PEN Past and Present: PEN’s first meeting

On 5th October 1921 a group of writers gathered at the Florence Restaurant in London.

Some were big names in the literary world, such as John Galsworthy, Viola Hunt, May Sinclair and Rebecca West, others were lesser known but extremely well-connected.

They were gathered at the behest of Amy Dawson Scott, a playwright and well-known figure in the London literary scene.

The aim of the meeting was to bring together writers working in London for regular dinners and meetings to discuss their work and build their professional networks.

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Image of the menu from the first PEN meeting appears courtesy of the Harry Ransom Center, University of Texas

It was also – in the wake of the devastation in Europe after World War One – to help to promote friendship and understanding between writers of different nations, through their shared interest in literature.

It was to be resolutely unpolitical – politics only led to war – and must promote literary art and freedom as the pinnacle of civilised life.

The choice of restaurant was very much a testament to their love of continental culture, as shown by the picture of Florence on the front of the menu (below).

The 42 guests enjoyed the finest French cuisine – Turbot Mornay, Beef Bordelaise and a Bombe Pralinée.

This modest start grew throughout the following decades, spreading from Prague and Berlin to New York, Buenos Aires and Bombay and becoming what we now know as PEN International. See  the spread of PEN Centres throughout the world on our interactive map.

 

 

PEN Key Figures: Hermon Ould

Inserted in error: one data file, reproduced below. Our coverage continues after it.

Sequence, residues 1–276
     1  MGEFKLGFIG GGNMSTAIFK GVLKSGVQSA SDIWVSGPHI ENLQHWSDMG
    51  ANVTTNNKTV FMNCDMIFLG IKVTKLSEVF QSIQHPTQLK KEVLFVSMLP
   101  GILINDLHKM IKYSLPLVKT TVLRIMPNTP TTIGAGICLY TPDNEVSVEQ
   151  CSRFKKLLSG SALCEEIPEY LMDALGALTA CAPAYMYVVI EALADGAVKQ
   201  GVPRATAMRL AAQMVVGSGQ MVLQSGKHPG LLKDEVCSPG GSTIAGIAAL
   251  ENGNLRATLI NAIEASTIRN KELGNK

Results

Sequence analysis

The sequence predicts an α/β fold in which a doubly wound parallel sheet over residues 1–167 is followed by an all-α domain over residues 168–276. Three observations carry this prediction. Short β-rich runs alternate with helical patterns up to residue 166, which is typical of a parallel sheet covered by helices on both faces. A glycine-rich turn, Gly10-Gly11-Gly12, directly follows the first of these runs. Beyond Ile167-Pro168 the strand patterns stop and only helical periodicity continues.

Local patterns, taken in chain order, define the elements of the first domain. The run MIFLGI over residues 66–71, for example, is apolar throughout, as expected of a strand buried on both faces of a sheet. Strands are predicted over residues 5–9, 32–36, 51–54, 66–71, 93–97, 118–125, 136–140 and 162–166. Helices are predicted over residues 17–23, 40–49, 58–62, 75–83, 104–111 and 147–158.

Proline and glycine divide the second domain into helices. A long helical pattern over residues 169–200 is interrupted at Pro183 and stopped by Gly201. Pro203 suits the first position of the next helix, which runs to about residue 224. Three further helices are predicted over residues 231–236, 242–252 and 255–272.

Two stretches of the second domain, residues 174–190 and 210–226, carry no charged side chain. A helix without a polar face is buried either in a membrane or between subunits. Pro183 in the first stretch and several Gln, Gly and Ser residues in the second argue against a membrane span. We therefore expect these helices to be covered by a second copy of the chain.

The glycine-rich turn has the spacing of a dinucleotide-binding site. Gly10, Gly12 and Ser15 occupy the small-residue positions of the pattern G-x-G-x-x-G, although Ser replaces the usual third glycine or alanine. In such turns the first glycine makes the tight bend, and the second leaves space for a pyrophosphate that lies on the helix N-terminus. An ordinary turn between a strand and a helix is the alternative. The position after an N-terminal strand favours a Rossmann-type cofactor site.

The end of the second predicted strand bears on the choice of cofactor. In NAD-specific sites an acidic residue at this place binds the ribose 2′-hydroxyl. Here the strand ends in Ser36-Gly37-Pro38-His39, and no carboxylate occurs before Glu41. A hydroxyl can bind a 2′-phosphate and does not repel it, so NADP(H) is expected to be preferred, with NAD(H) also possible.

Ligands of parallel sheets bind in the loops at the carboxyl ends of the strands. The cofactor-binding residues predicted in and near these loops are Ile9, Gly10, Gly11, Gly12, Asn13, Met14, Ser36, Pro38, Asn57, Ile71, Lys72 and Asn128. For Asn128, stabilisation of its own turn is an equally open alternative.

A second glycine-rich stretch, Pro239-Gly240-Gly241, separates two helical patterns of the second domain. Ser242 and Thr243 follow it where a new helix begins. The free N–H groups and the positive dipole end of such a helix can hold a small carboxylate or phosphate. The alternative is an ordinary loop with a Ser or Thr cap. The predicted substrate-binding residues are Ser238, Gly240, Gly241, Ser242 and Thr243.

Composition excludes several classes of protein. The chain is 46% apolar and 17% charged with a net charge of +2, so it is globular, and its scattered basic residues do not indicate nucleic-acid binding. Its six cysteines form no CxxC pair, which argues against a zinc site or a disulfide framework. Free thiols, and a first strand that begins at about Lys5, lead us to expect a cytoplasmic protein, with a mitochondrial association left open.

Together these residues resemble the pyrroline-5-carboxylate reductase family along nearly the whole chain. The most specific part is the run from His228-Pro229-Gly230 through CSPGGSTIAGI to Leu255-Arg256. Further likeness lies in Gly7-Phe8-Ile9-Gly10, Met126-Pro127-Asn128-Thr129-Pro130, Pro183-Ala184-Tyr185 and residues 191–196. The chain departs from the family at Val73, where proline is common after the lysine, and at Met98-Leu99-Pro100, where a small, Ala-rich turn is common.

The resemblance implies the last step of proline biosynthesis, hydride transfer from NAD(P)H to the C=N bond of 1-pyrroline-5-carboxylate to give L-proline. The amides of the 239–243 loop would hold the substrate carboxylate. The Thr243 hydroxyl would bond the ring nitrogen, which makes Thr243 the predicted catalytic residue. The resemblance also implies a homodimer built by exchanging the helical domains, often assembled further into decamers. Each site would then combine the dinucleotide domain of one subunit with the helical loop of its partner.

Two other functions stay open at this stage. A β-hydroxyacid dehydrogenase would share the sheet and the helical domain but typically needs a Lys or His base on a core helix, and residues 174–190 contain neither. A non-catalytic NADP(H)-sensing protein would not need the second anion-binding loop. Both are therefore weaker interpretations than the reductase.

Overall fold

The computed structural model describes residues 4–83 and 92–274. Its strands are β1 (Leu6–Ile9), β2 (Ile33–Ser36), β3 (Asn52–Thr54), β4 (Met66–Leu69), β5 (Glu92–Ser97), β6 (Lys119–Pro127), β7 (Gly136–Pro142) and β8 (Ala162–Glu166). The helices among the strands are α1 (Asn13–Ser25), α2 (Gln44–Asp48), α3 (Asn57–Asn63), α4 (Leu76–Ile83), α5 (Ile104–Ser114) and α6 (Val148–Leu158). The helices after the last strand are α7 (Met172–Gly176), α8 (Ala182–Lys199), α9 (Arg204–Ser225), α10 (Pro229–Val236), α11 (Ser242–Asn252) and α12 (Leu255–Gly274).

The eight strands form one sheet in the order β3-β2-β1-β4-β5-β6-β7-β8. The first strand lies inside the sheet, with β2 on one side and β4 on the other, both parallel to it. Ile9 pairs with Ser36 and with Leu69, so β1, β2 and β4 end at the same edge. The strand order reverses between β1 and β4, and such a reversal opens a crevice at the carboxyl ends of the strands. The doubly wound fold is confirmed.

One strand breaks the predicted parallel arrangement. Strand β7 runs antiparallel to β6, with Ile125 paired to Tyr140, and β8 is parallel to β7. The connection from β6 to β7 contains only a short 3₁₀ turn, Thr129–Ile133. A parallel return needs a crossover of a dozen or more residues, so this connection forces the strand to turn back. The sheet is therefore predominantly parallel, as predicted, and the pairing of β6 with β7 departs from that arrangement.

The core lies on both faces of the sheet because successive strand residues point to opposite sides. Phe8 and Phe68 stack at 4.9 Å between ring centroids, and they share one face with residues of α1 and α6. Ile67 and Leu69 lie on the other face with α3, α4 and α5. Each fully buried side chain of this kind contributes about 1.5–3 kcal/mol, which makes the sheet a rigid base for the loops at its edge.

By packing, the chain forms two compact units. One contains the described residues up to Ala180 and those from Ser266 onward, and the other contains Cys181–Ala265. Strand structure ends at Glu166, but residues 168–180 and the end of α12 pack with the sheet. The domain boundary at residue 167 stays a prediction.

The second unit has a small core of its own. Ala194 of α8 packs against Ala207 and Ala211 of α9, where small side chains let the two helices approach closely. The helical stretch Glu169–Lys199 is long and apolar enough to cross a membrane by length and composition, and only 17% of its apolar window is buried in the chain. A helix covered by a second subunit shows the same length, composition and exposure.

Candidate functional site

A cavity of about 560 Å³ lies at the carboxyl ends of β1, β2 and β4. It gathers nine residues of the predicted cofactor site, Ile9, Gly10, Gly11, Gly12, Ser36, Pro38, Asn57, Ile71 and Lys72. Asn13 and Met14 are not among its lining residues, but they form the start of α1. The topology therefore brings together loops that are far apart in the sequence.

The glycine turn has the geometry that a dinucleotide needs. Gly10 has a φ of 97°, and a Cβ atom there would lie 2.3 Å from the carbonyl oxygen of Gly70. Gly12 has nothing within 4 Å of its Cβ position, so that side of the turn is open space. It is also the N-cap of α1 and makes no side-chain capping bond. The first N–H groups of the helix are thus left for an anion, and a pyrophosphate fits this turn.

Hermon Ould served as Secretary of English and International P.E.N. from the beginnings of the organisation until his death in 1951.

Hermon, DawsonScott and Galsworthy

Hermon Ould (right) with John Galsworthy and C.A. Dawson Scott, founder of PEN

The poet and dramatist gave up his own promising career as a writer to guide and fashion the fledgling organisation through its early years.

During Ould’s time P.E.N. grew from a dining club for writers to an influential international organisation.

He served as Secretary to the English Centre from its inception in 1921 and became International Secretary at the Berlin Congress in 1926– a role which he made his own and which ideally suited his personality.

His friend Beatrice Webb said that Hermon’s greatest gift was for friendship and his ability to befriend but also to bring together writers from across the world was transformative for PEN.

It was Ould, working under various English and International Presidents, who spearheaded campaigns, such as the Refugee Fund which he and Storm Jameson launched in the 1930s.

At the end of that decade he helped to calm the waters between the pacifist sections of PEN and those who saw another war as essential in ridding Europe of the scourge of Nazism.

It was Ould who helped organise one hugely successful Congress and two conferences in war-torn London – the 1941 International Congress, the Coming of Age Conference celebrating PEN’s 21st birthday in 1942 and the Milton Tercentenary Conference in 1944.

His wartime work was such that members fundraised in 1945 to hold a dinner in his honour and even raised money to give Ould a small bonus, a generous cheque to thank him for the countless extra hours he put in for the organisation during the war.

Writing to encourage members to donate and to attend, writer and PEN member L. Steni describes Ould as serving PEN with ‘single hearted devotion’ often to the detriment of his own literary career.

He goes on to point out that ‘that we have emerged from the years of conflict with increased prestige (and also augmented responsibilities) is due, for the most part to Hermon Ould.’

Ould’s letters show him as gatekeeper, organiser, friend, literary agent, confidant and much more to PEN’s many English members and to others across the world.

Ould served as Secretary to the English Centre and International Secretary until his death in 1951, which left the organisation reeling.

It was Ould’s close friend David Carver who stepped into his role, himself convinced that Ould was irreplaceable.

A true internationalist, it is no overestimation to say that Ould’s influence on PEN – due to his longstanding role and his unique personality – made him as influential a force in shaping the organisation as Galsworthy, Wells and Dawson-Scott herself.